The premise of setting a romance right before disaster strikes is rather exploitative and dreadful. But the young Sara Ali Khan is luminous and can deliver wicked dialogue with seasoned ease. She makes the practically cliched love story between a poor Muslim worker in love with a Hindu girl, a daughter of a priest, rather refreshing. Kanika Dhillon (she wrote Manmarziyan too) writes her as a rather rebellious daughter of a priest. Credit goes to the young girl who shows flashes of her beautiful mum's talent (Amrita Singh) and brings a little something of her own on screen. There's talent here, and it is enough to take your mind away from the horrendous cliches that make the movie.
The hero is a poor Muslim lad who ekes a living by ferrying people up to Kedarnath on his horse or carrying them on his back. He's so good, his mother (the ever so good Alka Amin) has to scold him about saving money rather than spending it all on the pilgrims.
The villain is a Hindu guy who is planning to build a hotel and resorts etc., engaged to be married to the heroine who doesn't want to be engaged to him...
The father of the heroine (Nitish Bharadwaj) is a priest and hotel owner, has dreams of being head priest at Kedarnath temple. He is stern and a patriarch, likes the Muslim hero as long as his daughter doesn't fall for the poor boy. He gets to mouth really pathetic Bollywood cliches like, 'Tumhari himmat kaise huyi mere ghar ki taraf aankh uthane ki!' (How dare you even look at my home, aka, fall for my daughter!)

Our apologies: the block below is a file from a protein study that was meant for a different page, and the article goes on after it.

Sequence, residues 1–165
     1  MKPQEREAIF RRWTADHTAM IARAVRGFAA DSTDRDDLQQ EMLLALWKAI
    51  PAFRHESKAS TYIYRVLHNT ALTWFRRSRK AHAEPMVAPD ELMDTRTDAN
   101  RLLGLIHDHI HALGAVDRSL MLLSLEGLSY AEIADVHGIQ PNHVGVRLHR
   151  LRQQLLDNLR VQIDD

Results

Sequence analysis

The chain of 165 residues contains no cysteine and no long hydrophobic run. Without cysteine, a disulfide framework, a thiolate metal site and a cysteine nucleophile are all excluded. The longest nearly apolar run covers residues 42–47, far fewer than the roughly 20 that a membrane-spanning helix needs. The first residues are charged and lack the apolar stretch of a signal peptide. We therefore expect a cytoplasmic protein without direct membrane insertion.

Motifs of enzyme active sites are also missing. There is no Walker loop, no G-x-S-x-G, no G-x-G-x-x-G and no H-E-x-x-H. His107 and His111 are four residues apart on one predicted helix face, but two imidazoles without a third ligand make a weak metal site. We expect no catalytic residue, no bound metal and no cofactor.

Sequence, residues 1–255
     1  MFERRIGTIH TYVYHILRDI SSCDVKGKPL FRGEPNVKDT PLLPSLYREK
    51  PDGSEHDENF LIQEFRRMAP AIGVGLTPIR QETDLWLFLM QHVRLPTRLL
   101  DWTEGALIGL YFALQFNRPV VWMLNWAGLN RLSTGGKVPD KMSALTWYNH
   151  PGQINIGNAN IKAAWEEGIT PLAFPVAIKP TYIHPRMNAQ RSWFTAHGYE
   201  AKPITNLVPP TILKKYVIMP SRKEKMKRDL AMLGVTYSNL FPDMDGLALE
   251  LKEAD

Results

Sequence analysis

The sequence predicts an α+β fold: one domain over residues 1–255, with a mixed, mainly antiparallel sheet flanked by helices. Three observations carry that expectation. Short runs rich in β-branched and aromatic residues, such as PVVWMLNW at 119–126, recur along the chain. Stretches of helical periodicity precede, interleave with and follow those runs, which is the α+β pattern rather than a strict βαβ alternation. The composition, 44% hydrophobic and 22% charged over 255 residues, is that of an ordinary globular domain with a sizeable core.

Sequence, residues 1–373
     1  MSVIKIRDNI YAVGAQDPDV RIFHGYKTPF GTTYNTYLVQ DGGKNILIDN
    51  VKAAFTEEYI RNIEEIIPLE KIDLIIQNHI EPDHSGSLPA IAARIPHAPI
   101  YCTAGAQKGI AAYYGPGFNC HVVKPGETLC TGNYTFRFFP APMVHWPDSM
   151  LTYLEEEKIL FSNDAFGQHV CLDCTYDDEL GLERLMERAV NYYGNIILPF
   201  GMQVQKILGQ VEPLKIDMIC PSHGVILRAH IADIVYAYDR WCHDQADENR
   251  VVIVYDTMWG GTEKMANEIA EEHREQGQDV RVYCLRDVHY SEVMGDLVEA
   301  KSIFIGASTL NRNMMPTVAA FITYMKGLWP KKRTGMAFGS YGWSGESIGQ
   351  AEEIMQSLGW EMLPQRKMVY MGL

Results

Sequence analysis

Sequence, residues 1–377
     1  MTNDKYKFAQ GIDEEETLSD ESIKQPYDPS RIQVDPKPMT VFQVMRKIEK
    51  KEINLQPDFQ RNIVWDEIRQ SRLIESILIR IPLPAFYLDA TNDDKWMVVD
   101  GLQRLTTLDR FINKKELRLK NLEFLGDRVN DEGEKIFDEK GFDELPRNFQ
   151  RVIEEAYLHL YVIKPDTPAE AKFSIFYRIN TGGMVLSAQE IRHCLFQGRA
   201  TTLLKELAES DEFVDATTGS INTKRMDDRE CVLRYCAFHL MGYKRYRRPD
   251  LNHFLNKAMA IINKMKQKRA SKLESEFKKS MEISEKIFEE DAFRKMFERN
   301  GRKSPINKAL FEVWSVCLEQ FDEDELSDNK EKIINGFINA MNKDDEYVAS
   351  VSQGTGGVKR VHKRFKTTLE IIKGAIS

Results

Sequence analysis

There is a mother and a sister too, and the mother is shown to be pious and quiet. But the sibling rivalry is great. Alas, the audience has seen the film Patakha and when the sisters slap each other, that's what some wise guys yelled, taking away from the cliche any gravitas.
The cinematography is rather wonderful, but then the setting in the Himalayas cannot but be spectacular. In fact, it will make you want to visit the temple town. And as temple towns need, there is a very catchy quasi religious song that makes your heart well up. The camera catches the temple town in all its glorious colors.
There is a Hindu Muslim tension that could have made the film awful, but the director manages to keep it in control. When Mansoor Khan, the hero, stands up in the community gathering and makes the point with the dialogue, 'We belong here,' I found myself grateful that cinema is speaking on behalf of the Muslims and all liberal folk.
The disaster strikes and there is a cloudburst, but we don't do special effects too well. At first you think you are going to see something terrible, but it isn't too bad. But you know it's fake, so you know everyone is acting. In fact, if the curtains in your kitchen catch fire, you will scream, but here the mom and sister don't even know it's happening... Obviously post production addition, or they would have screamed even more. The final disaster scene goes on and on and you wish someone - the hero or the heroine - would drown and end it all for us...
The romance is fun, and Sara Ali Khan actually carries the film with her energy. Sushant Singh Rajput acts embarrassed quite well. But watch it for her.
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